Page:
People who come to Bali will rarely ever visit just one time. There’s a certain magical pull that Bali has on people. It’s said that people are drawn to Bali when they are ready, and they’ll be guided to stay for as long as that needs to be. Those who are only ready to dip their toes in the water, well - they’ll most likely stay for that sandy beach holiday. For others searching for more substance, Momma Bali can take hold for weeks, months, and even years, for people who never had a plan to do so. Radiantly Alive Yoga is located in the cultural center of the island, Ubud, which literally translates to ‘healing’. Yoga is one of the main reasons people come to this spiritual hub. Allow yourself to immerse into different practices for self-nourishment.
YOGA TEACHER CERTIFICATION BALI
Yoga teacher certification Bali happens through completing a training with a registered yoga school. Certification here through a yoga teacher training Bali will allow you to teach all around the world, especially when you register with the online international yoga board known as ‘Yoga Alliance’. Many studios around world require formal registration in this way - not all schools are registered here though. So that is something to watch out for, when you sign up for a training.
The first training people will take begins with one of the 200 hour yoga teacher training Bali options, in any style. This is also usually labeled as ‘level 1’. 200 hours is an immersive experience, usually completed over a time-span of 21-28 days. You’ll also find a range of offerings for 300 hour yoga teacher training Bali, which are the level 2 experiences.
Beyond that, there are short courses, from 10-75 hours of additional training certifications that take place, generally taken as further education after completing an initial Level 1 option of a yoga teacher training Bali.
Yoga Teacher Training Ubud
Back when the first yogi’s from Java entered Bali, Ubud was already defined as a special place for spiritual practice. The oasis-like setting of the embrace of the green jungle, cooler air and healing springs and waterfalls seem picture perfect for diving deeply into a practice of coming back to our natural essence, that is yoga.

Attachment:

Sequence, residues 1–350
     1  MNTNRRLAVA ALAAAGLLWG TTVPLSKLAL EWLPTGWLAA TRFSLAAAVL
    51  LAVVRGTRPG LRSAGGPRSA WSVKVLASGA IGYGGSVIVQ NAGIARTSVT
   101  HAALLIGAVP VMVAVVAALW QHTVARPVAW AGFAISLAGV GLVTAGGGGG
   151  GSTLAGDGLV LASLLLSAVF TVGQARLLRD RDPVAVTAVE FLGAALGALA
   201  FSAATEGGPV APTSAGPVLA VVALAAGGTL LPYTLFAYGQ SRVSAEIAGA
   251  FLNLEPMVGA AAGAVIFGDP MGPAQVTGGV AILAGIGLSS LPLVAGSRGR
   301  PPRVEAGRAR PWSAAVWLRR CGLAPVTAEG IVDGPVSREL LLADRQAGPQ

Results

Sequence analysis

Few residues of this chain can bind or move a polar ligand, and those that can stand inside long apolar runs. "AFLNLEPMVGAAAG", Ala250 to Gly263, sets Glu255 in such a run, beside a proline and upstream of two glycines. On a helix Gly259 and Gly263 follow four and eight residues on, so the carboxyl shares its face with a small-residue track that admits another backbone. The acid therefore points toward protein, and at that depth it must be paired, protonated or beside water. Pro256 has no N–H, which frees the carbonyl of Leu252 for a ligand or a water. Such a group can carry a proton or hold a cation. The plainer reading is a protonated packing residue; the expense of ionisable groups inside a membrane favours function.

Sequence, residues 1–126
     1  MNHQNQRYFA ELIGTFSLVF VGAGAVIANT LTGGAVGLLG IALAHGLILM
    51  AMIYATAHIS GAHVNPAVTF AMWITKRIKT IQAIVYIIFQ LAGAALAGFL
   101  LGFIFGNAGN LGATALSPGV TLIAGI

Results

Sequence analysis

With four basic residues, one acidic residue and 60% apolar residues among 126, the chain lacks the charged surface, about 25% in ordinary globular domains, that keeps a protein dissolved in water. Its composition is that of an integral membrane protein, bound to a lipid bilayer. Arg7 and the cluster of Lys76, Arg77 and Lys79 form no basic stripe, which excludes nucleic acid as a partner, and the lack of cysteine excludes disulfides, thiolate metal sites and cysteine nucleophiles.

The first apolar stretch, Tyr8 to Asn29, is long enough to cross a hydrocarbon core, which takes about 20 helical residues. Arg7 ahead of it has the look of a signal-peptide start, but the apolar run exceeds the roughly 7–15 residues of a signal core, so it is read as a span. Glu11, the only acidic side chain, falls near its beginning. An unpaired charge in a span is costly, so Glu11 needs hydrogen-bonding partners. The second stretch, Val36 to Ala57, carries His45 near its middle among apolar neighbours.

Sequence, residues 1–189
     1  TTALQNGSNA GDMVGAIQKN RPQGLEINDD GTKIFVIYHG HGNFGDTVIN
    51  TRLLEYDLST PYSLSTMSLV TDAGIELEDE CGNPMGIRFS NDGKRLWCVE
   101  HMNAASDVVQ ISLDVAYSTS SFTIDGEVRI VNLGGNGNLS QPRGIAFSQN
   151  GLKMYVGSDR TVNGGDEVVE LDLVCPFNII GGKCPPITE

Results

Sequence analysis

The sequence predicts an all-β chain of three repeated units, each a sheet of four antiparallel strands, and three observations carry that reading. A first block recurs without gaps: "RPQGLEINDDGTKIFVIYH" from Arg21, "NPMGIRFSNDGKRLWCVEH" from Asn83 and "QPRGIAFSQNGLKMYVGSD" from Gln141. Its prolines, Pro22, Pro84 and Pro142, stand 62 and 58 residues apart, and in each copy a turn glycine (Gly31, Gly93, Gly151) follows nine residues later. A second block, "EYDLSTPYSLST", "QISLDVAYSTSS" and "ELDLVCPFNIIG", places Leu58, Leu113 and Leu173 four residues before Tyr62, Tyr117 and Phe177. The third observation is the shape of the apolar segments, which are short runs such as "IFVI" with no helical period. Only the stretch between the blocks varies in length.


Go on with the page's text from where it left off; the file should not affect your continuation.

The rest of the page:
The town of Ubud is where people have travelled to for decades as a personal retreat experience. Now you’ll find organised retreats, courses, holiday cultural packages, day trips, workshops, dances, and of course, the most famous yoga training bali experiences out there. When people consider doing a yoga teacher training indonesia, they’re really not just thinking about Bali, but it’s Ubud that comes to mind.
All styles of yoga can be found in the most well known international studios here in Ubud. From Hatha, Yin, Bikram, to Vinyasa and even Aerial Yoga, there’s a wide range of offerings that are taught here by world-class teachers. As many yoga-enthusiasts travel to Ubud to meet like-minded people, deepen their own practice, learn and rest with an open and welcoming community, it’s become a place that is sought after for people to live and teach and share their own styles - whether in classes, courses, workshops or trainings.
Vinyasa yoga is growing rapidly here as some of the most popular yoga teacher training Ubud options, with this breath-centered practice already being a popular choice for western countries. As most tourists travelling to Bali for yoga are familiar with Vinyasa yoga, it makes sense that the trainings taking place cater for this preference. Vinyasa yoga, as a dynamic heated and graceful practice, also holds within it philosophical roots and grounding.
For example, our own Radiantly Alive Vinyasa Yoga Teacher Training is one of the most well known trainings not just in Bali, but in Southeast Asia and beyond. If you’re interested in more information about our yoga teacher trainings, or any related topic like the many benefits of the magical place that is Ubud, our home, just click the button below to get in contact with us.